The music video was directed by British director Howard Greenhalgh and relies heavily on computer-generated imagery, like all of his videos for the Very singles. It begins with a red Statue of Liberty, and then depicts a grey city where the communist domination is evident on the basis of Soviet imagery (such as red stars and red flags, Yuri Gagarin Monument and Monument to the Conquerors of Space). Troops of identical Soviet men march up a staircase stretching into the clouds, seemingly toward a Western society, with the Statue of Liberty, now appearing as a black diva looming in the distance (played by backing-vocalist Sylvia Mason-James). Tennant and Lowe appear throughout; Tennant carries a blue-and-yellow striped arrow staff, and Lowe travels on a flying surfboard. Occasional live action shots of Soviet iconography appear; in one Tennant and Lowe appear in their costumes, walking across Red Square.

The video was nominated for the Grammy Award for Best Short Form Music Video in 1995, losing to "Love Is Strong" by The Rolling Stones.[24] The "Go West" costumes were parodied in the video for their later 2006 single, "I'm with Stupid".[25]

Track listingsEdit

  • UK 7-inch single
    1. "Go West" – 5:03
    2. "Shameless" – 5:0400
  • UK 12-inch single
    • A. "Go West" (Mings Gone West: First and Second Movement) – 10:12
    • B1. "Go West" (Farley and Heller Disco Mix) – 6:01
    • B2. "Go West" (Kevin Saunderson Tribe Mix) – 6:50
  • UK CD single
    1. "Go West" – 5:03
    2. "Shameless" – 5:04
    3. "Go West" (Ming's Gone West: First and Second Movement) – 10:12
  • US CD single
    1. "Go West" – 5:03
    2. "Shameless" – 5:04
    3. "Go West" (Ming's Gone West: First and Second Movement) – 10:12
    4. "Go West" (Farley and Heller Disco Mix) – 6:01
    5. "Go West" (Farley and Heller Fire Island Mix) – 7:42
    6. "Go West" (Kevin Saunderson Tribe Mix) – 6:50
    7. "Go West" (Kevin Saunderson Trance Mix) – 6:53

Charts and certificationsEdit

Other versionsEdit

Many football clubs throughout the world (primarily in Germany and England, but also Paris Saint-Germain) have created their own renditions of "Go West" to be sung by supporters on matchday. Borussia Dortmund began this tradition in 1993 with their version entitled "Olé, jetzt kommt der BVB" ("Olé, here comes the BVB"),[62] while fans of FC Schalke 04 originated the popular and influential "Steht auf, wenn ihr Schalker seid!" ("Stand Up, if you're a Schalke Fan").[63] Also the fans of the Poland national football team and of the Poland national teams in other sports traditionally sing "Polska, biało-czerwoni" ("Poland, white and red") to the melody of the song.[64][65] Versions observed in English include "go home to your sexy wives" and others.[66]

German metal band JBO covered the song on their 1997 Album laut (loud), entitled "Ein Fest" (a party), mocking the song.

Remixed Eurodance versions of the song have appeared on the Dancemania series albums, including Dancemania SPEED 4 issued in 2000.[67]

Clubringer covered the song in 2003 with a trance CD single released in Poland. Four versions of the song were created.

The Swedish PSB cover band West End Girls released their version of the song in January 2006. In 2007, classical singer Rhydian performed the song on The X Factor, surrounded by men in sailor outfits.

Austrian baritone singer Patrizio Buanne used the notes and changed its lyrics in the song "Stand Up (Champions Theme)", which was included in some versions of his 2006 album Forever Begins Tonight.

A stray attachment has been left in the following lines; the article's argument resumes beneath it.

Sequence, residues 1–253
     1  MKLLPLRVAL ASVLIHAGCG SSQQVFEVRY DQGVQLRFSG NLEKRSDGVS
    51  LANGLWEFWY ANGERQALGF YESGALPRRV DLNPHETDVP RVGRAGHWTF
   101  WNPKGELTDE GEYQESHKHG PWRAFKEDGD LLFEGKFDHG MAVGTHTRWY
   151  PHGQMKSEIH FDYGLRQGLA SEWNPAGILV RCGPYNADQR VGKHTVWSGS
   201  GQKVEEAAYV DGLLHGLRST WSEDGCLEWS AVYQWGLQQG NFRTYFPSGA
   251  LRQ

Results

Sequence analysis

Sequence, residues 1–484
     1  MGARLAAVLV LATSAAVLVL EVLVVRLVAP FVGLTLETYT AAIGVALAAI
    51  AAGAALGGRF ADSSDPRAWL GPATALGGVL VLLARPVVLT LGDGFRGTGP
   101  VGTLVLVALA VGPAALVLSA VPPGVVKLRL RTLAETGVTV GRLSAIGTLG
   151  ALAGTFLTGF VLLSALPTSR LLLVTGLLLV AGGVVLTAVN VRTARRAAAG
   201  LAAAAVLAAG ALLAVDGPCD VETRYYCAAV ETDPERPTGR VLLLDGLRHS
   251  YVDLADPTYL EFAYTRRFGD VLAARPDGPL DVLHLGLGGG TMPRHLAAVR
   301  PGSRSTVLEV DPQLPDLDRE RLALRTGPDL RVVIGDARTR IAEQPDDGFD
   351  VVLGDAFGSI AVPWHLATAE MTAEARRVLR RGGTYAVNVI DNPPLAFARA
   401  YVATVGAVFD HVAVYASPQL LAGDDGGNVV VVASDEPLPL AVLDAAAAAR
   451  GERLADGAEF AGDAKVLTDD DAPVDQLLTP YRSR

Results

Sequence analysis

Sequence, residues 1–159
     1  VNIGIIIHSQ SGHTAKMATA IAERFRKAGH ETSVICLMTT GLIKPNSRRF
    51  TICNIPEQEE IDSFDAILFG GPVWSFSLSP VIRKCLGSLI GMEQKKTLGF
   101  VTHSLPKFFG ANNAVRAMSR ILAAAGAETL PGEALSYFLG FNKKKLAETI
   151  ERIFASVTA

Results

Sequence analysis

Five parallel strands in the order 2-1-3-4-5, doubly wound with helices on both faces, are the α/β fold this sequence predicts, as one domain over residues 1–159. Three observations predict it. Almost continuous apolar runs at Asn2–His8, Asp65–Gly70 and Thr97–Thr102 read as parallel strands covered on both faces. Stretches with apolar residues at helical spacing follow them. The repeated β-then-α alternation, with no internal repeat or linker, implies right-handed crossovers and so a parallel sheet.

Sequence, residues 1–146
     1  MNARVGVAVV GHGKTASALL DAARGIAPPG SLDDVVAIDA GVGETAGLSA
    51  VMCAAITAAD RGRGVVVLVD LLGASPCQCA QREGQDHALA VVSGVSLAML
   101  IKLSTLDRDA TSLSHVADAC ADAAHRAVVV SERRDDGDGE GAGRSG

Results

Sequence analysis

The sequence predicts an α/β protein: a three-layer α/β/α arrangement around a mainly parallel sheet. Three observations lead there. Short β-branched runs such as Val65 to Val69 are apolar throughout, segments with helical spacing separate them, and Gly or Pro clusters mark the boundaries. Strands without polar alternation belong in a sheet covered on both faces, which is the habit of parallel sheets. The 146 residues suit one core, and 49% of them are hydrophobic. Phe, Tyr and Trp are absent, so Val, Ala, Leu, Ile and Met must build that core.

German pop singer Mickie Krause covered the song on his 2008 album 10 Jahre – Gute Unterhaltung entitled "Orange trägt nur die Müllabfuhr". On the occasion of the UEFA Euro 2008 football championship, he published the chorus melody that directed against the Netherlands' abusive song, alluding to the traditional orange jersey of the Dutch national football team.

British comedy band The Wurzels covered the song on their 2010 album A Load More Bullocks.[68]

Osem, the Israeli food giant, created a commercial for its ketchup based on the Pet Shop Boys video clip and song version a short time after the single was released.

Hermes House Band released a version in 2006.

Bulgarian comedy band Zamunda Banana Band's "Назад към природата" ("Back to Nature") is a parody of "Go West".

The Japanese pop group Beyooooonds covered the song on their debut single, titled "Go Waist". Beyooooonds interprets "Go West" as a waist exercise song.[69]

British retailer GO Outdoors parody the song in a 2016 advert,[70] altering the lyric "Go west" to "Go there".

Highways England have also parodied the song, changing the lyrics to 'Go Left' to encourage people to pull over on the left hand side of the motorway when breaking down.

In popular cultureEdit

The Village People version of "Go West" features in the film The Adventures of Priscilla, Queen of the Desert and in the musical of the same name as the three lead characters leave Sydney for Alice Springs (which lies just over 2,000 kilometres north-west of Sydney as the crow flies).

The Pet Shop Boys version of the song is played in the first and last scenes of award-winning Chinese director Jia Zhangke's film Mountains May Depart (2015). In many of Jia's films, the 'turn' China has made towards 'the West' is a central theme – Mountains May Depart is no exception. Also, the song serves as a unifying element: it connects the first part of the film (set in 1999) to the final scene (set in 2025), creating a poignant effect which several critics have praised; David Rooney of the Hollywood Reporter called the ending "a beautiful concluding sequence that reaffirms the film's aching depth of feeling and extraordinary sense of place".[71]

Sharwood's used the melody for an advertising jingle for an advertising campaign for their products in circa 2008, substituting "Go West" for "Go East".[citation needed]

In 2021, Highways England used the melody in a public information film about what to do in the event of getting into difficulty on the motorway (pulling up left on the hard shoulder and disembarking the vehicle on the left hand side); the campaign was aptly named "Go Left". [72]


  1. ^ a b Additional music and lyrics


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Further readingEdit

External linksEdit